• Hopefully, it’s equitable, in the sense that it’s not privatised. People can use it, and feel comfortable using these spaces.
  • People don’t necessarily have to spend money in a good urban space. We try to shape places where there might be businesses, there might be cafes, but people feel comfortable to use that place as well.
  • Seating, greenery and clean air are important.
  • Movement is also very important – how people pass through.
  • Sometimes it’s possible to create spaces that are car-free. We typically tend to try and put pedestrians first, second cycling, then public transport and then private cars after that.
  • With new developments it’s usually better to locate them in some sort of local centre so that they can support the viability of shops, or near a primary school for example, where there’s already people coming and going, and there are advantages like being able to share parking and things like that.’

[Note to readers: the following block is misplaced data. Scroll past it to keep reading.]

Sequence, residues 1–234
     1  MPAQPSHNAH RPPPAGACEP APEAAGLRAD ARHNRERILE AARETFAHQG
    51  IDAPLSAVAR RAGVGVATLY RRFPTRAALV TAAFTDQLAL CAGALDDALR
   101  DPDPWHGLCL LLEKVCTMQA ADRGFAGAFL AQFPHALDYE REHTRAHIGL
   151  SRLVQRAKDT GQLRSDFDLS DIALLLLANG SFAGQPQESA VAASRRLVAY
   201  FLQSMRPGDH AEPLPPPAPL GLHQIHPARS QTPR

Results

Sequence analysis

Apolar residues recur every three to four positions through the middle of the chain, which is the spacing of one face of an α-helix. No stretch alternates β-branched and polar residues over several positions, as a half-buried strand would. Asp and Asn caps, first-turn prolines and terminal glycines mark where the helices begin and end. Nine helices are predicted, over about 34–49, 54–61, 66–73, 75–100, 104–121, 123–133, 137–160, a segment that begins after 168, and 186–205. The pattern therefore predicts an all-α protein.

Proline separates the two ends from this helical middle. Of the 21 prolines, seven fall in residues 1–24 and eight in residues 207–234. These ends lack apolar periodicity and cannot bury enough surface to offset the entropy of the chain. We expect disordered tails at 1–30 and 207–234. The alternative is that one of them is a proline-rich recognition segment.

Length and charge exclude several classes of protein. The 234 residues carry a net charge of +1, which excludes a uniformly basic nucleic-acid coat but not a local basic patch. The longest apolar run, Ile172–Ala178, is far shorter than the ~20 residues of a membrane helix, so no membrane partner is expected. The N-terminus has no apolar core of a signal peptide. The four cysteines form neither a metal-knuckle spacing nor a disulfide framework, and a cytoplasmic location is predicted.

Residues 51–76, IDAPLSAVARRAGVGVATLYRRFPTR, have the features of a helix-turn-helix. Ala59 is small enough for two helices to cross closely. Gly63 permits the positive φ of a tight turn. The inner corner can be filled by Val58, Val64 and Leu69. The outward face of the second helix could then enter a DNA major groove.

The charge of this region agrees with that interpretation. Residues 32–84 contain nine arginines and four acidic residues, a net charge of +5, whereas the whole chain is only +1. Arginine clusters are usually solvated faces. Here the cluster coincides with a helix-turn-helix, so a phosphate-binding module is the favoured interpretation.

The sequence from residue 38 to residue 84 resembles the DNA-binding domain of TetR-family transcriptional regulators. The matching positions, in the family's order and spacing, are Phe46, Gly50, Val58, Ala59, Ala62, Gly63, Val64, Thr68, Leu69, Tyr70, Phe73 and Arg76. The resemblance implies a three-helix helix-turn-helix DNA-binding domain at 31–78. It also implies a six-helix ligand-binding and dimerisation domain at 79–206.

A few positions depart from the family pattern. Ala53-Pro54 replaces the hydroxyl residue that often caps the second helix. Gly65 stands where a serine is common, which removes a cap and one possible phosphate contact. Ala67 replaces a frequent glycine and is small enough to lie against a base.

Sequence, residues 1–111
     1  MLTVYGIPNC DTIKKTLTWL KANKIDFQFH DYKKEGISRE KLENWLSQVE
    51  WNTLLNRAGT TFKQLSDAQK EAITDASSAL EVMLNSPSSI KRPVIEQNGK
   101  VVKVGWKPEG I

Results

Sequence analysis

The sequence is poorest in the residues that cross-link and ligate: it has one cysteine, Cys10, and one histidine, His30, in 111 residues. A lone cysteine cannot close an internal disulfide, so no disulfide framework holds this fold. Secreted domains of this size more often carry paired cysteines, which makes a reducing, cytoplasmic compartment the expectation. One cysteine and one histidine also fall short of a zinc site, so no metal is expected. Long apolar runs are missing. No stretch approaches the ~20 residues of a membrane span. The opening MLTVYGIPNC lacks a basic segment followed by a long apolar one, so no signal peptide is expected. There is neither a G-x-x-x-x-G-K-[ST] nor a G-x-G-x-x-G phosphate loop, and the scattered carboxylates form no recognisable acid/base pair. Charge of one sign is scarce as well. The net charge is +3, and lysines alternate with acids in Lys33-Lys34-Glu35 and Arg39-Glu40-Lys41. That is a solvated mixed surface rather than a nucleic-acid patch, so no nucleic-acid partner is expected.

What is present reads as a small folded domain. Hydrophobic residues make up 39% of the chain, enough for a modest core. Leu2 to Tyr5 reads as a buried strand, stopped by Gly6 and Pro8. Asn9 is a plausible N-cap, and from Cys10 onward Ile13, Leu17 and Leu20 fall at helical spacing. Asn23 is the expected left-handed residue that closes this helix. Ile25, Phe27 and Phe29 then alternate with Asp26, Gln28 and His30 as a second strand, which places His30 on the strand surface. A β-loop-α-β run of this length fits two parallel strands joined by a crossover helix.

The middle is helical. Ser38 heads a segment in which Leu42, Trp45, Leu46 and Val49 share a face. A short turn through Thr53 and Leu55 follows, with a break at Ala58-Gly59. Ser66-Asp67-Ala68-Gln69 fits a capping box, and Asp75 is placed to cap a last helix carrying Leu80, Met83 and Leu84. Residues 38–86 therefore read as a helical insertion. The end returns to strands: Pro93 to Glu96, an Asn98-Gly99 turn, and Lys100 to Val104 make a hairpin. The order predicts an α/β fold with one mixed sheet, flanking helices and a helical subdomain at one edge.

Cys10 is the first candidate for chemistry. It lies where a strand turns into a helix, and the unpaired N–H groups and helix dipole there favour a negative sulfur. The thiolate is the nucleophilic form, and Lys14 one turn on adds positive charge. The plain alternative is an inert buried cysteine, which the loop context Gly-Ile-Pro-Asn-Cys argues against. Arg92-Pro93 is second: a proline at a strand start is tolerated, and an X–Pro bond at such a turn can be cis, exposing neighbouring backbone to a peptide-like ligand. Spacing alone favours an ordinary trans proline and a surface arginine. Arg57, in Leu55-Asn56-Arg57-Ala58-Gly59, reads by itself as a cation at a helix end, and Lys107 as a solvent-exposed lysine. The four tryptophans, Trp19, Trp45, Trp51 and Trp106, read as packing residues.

Clare San Martin, a consulting architect, urban designer and community planner at JTP says, ‘the more flexible the space can be in its design, the better, because the needs of the community always change over time and what you have planned in the beginning is not where you’re going to be in two years’ time.’

Ultimately, Clare says ‘a good community space is one where the community is very much involved in the running and management and feels like it’s responding to the needs of that particular community.’

Child-like wisdom

A good illustration of the success that’s inherent to building developments informed by a community’s inputs and needs is Skaterham in Caterham Village, Surrey.

When the former Caterham Barracks was being regenerated, the developer, Linden Homes, gave the community an opportunity to build something for future generations. And so, they held a youth conference in the community to find out what young people in the area needed. From that Skaterham was born: a safe and challenging place for young people to learn extreme sports.